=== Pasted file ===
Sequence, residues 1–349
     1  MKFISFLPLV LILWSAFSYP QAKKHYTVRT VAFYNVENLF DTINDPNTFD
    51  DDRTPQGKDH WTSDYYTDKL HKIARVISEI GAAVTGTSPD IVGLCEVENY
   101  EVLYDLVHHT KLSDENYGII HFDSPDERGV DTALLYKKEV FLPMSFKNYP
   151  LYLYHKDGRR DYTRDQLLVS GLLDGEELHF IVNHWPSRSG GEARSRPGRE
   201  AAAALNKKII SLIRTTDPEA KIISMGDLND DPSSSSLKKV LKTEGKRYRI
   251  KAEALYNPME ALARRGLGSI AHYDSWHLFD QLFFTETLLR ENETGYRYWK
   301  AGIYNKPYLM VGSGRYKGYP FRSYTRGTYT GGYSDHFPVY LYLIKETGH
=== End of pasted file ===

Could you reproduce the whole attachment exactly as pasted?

Sequence, residues 1–349
     1  MKFISFLPLV LILWSAFSYP QAKKHYTVRT VAFYNVENLF DTINDPNTFD
    51  DDRTPQGKDH WTSDYYTDKL HKIARVISEI GAAVTGTSPD IVGLCEVENY
   101  EVLYDLVHHT KLSDENYGII HFDSPDERGV DTALLYKKEV FLPMSFKNYP
   151  LYLYHKDGRR DYTRDQLLVS GLLDGEELHF IVNHWPSRSG GEARSRPGRE
   201  AAAALNKKII SLIRTTDPEA KIISMGDLND DPSSSSLKKV LKTEGKRYRI
   251  KAEALYNPME ALARRGLGSI AHYDSWHLFD QLFFTETLLR ENETGYRYWK
   301  AGIYNKPYLM VGSGRYKGYP FRSYTRGTYT GGYSDHFPVY LYLIKETGH